Survivors mark 75 years since executive order incarcerated Japanese Americans

Never again. It's the message of Japanese Americans 75 years after President Roosevelt signed the executive order that led to the incarceration of 120,000 Japanese Americans in camps during World War II.

On Sunday, camp survivors gathered at the Minnesota History Center on the 75th Anniversary of the order, signed on February 19, 1942. As a result of the order, about 120,000 Japanese Americans--mostly United States citizens--spent World War II living in remote camps in poor living conditions.

The order was motivated by a false belief Japanese Americans were disloyal. While President Ronald Reagan apologized for the order, the U.S. Supreme Court has not overruled the 1944 decision that upheld the order.

The program for Sunday's event, called a Day of Remembrance, asked, "could it happen again?" Camp survivors told Fox 9 they believe it could, pointing to similarities between Executive Order #9066 (the incarceration camps) and Executive Order #13769 (President Trump's suspended travel ban).

The Twin Cities Chapter of the Japanese-American Citizens League issued a "Statement of Solidarity" with the Council on American-Islamic Relations Minnesota, writing the "legally sanctioned discrimination targeting Americans of Japanese descent during the World War II era mirrors the current demonization of all Muslims and the governmental legitimization of Islamophobia through executive orders and proposed legislation targeting Muslims…"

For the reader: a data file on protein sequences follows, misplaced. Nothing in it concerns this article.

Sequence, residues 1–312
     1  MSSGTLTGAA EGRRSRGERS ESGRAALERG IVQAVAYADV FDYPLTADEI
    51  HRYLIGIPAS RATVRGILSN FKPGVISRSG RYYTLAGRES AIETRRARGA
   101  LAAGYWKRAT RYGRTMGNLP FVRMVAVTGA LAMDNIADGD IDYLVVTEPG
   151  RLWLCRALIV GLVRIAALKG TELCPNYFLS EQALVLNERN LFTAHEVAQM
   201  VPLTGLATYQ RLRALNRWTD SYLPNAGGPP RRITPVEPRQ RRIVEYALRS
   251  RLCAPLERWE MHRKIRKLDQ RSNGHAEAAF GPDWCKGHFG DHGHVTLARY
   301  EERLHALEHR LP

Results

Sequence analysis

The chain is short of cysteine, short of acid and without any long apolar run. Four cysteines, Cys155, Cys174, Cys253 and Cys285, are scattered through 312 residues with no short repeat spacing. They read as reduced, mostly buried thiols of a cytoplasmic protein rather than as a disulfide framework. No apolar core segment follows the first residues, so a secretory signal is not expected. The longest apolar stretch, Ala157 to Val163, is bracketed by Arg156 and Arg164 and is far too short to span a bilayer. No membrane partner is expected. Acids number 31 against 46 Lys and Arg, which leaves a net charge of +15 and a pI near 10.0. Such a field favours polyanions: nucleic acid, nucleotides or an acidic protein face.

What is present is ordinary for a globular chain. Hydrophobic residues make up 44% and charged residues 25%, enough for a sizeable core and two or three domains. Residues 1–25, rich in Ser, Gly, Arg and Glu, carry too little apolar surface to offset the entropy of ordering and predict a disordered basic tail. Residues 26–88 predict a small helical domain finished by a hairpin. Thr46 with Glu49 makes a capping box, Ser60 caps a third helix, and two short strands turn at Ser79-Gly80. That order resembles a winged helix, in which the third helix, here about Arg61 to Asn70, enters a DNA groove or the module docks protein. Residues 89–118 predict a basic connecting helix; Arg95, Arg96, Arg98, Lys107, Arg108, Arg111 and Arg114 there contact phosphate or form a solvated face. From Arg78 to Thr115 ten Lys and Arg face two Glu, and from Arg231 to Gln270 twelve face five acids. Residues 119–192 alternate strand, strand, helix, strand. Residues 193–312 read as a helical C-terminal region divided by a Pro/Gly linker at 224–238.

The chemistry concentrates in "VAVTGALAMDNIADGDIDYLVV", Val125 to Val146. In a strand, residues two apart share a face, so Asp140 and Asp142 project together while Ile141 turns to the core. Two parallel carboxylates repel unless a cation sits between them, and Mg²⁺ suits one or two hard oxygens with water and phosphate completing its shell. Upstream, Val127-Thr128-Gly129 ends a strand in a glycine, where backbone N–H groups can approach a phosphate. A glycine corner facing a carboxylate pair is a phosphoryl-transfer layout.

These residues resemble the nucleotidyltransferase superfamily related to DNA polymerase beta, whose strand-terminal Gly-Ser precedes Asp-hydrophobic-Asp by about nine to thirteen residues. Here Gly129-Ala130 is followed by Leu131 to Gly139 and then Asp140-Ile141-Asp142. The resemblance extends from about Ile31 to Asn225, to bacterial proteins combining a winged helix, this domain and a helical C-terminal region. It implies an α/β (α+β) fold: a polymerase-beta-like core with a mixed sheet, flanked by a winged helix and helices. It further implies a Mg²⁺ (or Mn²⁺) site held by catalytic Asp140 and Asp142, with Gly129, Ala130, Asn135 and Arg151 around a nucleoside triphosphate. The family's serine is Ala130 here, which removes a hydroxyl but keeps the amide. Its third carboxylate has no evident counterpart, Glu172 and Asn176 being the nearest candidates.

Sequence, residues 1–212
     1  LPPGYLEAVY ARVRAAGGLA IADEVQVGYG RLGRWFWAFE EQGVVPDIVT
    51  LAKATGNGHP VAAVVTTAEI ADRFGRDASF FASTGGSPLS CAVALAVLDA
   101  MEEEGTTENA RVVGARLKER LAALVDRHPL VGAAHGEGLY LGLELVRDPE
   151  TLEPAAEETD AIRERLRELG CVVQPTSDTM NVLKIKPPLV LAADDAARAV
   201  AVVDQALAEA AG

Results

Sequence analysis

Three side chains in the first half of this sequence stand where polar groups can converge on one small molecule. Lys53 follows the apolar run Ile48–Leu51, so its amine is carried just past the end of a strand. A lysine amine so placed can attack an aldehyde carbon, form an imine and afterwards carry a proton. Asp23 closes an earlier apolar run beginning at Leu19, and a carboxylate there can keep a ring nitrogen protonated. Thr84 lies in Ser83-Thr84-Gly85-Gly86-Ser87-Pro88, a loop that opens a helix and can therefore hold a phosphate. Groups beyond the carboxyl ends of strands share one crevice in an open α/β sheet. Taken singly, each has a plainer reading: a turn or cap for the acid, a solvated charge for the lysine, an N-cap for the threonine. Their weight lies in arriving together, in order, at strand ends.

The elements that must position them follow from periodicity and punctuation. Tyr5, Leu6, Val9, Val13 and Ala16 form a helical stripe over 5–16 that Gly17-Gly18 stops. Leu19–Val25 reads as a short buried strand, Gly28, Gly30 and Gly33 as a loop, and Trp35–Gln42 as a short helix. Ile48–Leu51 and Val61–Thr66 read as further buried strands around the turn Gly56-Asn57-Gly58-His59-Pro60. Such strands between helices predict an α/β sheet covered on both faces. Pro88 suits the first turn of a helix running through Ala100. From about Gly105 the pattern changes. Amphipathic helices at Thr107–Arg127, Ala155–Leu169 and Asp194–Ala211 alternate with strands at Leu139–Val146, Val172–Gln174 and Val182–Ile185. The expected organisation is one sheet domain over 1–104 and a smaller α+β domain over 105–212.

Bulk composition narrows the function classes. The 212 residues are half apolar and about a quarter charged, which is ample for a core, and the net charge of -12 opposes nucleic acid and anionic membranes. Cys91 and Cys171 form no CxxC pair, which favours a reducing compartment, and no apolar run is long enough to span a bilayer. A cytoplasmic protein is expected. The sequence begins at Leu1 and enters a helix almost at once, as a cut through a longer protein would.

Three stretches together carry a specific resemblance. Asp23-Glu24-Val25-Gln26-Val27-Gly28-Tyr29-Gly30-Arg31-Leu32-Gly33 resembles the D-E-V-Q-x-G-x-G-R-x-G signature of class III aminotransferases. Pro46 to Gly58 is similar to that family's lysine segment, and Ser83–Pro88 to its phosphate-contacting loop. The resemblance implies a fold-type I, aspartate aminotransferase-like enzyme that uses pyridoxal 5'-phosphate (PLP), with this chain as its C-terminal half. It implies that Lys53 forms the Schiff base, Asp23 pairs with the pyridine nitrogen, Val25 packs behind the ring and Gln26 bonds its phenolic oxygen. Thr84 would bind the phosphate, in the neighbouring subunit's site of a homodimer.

"We don't want it to happen again. Because everything is happening except they're not being put into the camps," said Lucy Kirhara, who was incarcerated when she was 11 years old.

"I've always said no matter what the Constitution says, the politicians will always twist things around and do what they want," said Bill Hirabayashi, a camp survivor.

The event was co-sponsored by the Minnesota Historical Society of the Twin Cities and the Twin Cities Chapter of the Japanese American Citizens League.